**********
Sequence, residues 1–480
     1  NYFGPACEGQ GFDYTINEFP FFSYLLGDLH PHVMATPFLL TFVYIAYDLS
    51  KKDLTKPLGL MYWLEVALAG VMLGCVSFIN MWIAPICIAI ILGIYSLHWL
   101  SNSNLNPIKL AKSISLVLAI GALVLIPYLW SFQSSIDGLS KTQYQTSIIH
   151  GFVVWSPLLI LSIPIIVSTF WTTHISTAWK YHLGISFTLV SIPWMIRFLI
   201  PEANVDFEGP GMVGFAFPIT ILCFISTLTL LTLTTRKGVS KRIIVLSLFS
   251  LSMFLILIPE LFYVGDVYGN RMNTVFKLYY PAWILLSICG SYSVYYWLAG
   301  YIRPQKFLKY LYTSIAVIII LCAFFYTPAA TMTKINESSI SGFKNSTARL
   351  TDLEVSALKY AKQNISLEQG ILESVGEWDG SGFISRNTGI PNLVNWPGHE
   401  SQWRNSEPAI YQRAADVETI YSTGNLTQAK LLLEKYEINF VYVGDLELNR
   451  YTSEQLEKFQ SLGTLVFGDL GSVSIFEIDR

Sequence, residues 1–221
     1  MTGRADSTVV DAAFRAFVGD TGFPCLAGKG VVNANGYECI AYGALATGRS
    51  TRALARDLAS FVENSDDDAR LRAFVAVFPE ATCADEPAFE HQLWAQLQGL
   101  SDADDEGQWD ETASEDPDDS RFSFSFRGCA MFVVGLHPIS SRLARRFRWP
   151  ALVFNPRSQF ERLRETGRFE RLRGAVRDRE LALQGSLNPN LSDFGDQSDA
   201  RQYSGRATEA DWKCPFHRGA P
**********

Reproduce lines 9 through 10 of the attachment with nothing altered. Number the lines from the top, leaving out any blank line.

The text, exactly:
   351  TDLEVSALKY AKQNISLEQG ILESVGEWDG SGFISRNTGI PNLVNWPGHE
   401  SQWRNSEPAI YQRAADVETI YSTGNLTQAK LLLEKYEINF VYVGDLELNR